Chuck Ragan Works The Workman’s

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I’ll try not to dwell in this too much but thank God Chuck Ragan’s voice is the main drawing factor to see him live because the chances of actually seeing him live last night in The Workman’s were slim and none. This was my first time attending a gig in the venue and unless it’s for a particularly under the radar unsigned act I doubt I’ll be back. Quite simply, it’s a great venue that just isn’t up to the task when it is at capacity and the result of leaving the performance area for any given reason is that you will spend the night in the front bar listening on the PA.

I know, to hell with me for leaving the gig at any point, and to make matters worse I left for a cigarette, but bathroom trips, a break from the heat and more are valid reasons to vacate the area and once you’re out you’re out. Maybe the crowd was just particularly “elbowy”, who knows. Anyway that’s beside the point. I first came across Chuck Ragan when he supported The Gaslight Anthem back in 2010 at the Olympia. What captures your attention first and foremost is just how much balls he puts into his singing. Folk and Americana are two very strong genres these days and in order to stand out you need a hook – singing like a cross between Tom Waits and a Harley Davison engine is Ragan’s own particular one. And it works.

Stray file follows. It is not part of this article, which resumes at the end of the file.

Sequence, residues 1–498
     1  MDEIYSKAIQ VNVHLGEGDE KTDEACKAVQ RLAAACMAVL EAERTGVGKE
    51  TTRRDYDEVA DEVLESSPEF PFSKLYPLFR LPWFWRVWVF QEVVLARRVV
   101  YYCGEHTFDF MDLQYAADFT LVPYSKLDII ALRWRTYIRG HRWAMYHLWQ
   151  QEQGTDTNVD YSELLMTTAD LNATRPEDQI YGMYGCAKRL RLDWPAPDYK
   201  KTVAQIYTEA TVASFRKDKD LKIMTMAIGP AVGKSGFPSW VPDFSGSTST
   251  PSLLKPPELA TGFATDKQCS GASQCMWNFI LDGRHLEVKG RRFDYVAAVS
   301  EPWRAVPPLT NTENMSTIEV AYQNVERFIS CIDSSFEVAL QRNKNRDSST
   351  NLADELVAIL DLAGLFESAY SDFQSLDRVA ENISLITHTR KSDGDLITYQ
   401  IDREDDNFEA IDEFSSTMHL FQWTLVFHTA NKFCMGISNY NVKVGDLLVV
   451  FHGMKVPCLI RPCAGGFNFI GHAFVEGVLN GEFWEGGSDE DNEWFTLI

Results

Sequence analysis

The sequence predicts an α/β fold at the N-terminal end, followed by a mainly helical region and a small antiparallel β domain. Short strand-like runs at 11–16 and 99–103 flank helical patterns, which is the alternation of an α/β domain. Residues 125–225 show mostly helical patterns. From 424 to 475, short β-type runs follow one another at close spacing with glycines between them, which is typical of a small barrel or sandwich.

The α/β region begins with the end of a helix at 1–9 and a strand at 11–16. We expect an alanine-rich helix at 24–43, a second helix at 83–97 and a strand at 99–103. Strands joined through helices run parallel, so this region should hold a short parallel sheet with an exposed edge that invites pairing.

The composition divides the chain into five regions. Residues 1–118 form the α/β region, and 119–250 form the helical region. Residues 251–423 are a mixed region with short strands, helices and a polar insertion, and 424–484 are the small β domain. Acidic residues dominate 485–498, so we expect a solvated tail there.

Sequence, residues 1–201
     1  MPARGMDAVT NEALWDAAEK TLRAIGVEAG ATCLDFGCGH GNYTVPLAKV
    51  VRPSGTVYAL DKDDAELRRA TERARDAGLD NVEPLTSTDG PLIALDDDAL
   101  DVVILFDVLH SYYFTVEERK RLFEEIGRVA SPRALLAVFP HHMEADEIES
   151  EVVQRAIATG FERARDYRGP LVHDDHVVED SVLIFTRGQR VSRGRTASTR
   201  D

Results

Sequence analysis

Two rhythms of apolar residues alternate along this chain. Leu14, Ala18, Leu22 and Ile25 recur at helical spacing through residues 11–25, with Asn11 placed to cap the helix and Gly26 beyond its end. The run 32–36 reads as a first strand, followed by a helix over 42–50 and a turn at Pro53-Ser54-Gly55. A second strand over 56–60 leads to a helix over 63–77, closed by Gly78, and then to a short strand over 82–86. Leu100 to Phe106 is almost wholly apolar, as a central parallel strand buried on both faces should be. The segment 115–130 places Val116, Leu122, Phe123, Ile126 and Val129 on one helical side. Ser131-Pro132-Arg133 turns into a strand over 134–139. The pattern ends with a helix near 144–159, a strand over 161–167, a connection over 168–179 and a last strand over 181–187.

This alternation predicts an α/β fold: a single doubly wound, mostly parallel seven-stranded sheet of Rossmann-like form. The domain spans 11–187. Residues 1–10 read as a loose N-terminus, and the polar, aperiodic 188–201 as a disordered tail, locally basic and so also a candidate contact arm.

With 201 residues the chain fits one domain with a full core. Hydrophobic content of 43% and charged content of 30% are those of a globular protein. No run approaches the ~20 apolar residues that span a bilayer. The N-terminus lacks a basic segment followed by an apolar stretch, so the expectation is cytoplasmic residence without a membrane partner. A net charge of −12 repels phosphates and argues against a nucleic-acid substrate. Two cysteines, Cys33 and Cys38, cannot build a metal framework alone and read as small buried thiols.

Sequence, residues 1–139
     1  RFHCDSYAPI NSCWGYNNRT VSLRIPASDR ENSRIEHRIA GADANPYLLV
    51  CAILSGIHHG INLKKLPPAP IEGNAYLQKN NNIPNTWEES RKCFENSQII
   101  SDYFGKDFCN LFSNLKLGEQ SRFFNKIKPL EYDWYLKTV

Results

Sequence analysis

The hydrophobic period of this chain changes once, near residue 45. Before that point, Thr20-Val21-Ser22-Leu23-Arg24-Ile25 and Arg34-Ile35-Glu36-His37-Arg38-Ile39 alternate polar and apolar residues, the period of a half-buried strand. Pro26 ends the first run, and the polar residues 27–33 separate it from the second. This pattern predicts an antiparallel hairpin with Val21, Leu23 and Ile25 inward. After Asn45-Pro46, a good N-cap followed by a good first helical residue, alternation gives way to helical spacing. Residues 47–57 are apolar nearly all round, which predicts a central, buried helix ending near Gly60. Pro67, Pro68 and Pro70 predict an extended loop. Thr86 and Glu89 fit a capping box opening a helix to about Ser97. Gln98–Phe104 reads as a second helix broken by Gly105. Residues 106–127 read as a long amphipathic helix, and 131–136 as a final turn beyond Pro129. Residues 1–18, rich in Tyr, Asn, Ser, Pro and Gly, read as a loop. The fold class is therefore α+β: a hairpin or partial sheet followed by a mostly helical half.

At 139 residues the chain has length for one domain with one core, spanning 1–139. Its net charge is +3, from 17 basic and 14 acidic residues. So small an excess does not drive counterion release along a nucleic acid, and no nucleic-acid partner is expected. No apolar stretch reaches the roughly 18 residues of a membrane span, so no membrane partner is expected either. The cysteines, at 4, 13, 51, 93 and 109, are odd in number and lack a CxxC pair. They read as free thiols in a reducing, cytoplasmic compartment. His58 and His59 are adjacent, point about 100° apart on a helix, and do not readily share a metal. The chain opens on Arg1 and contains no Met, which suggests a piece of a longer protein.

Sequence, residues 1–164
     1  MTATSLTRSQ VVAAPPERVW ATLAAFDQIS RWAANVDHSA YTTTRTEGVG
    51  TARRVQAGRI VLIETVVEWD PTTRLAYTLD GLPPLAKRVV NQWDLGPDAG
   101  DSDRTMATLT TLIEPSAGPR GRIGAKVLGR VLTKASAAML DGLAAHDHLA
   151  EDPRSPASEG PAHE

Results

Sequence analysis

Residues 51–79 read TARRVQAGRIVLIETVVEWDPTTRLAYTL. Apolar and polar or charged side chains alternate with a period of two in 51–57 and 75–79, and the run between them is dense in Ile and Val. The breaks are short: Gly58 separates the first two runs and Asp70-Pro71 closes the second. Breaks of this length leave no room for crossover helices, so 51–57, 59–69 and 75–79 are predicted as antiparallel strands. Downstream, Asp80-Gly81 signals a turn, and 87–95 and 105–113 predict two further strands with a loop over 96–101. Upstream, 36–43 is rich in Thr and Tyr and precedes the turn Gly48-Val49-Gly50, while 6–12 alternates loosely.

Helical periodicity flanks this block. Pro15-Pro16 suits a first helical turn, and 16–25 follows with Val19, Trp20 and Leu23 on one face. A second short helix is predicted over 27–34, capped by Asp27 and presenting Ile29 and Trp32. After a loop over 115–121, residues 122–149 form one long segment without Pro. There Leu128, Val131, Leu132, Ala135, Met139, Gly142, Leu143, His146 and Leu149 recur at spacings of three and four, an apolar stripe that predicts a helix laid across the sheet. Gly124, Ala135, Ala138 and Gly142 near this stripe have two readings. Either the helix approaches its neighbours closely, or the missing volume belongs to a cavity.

What doesn’t work unfortunately is his new touring setup, mainly the addition of three new musicians to the mix. Like I said, I’ve seen Ragan before and the first time around his accompaniment was Jon Gaunt on fiddle, second was The Revival Tour where he was joined by a plethora of musicians entailing double bass and second guitar along the way. All of that was fine but there’s something that just doesn’t gel with his style and a full low end of bass and drums. It’s the main issue I had with his last album too to be honest, like Dylan going electric except not as successfully.

Not to say that the four musicians on stage with Ragan last night weren’t top of their game and bringing it to the gig (especially when you’re drummer has only just joined the tour!) but particularly towards the end when we heard some of his classics like “The Boat” and “For Broken Ears” now with added percussion it seemed to take away from the songs. Just this man’s opinion but to me Ragan should stay as the travelling balladeer – heart, soul and song. Great gig at a pinch though and I look forward to his next… Just not in The Workman’s….

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niallhetherington

Bachelors Degree in Arts from NUI Maynooth. Double Honours English & Philosophy.

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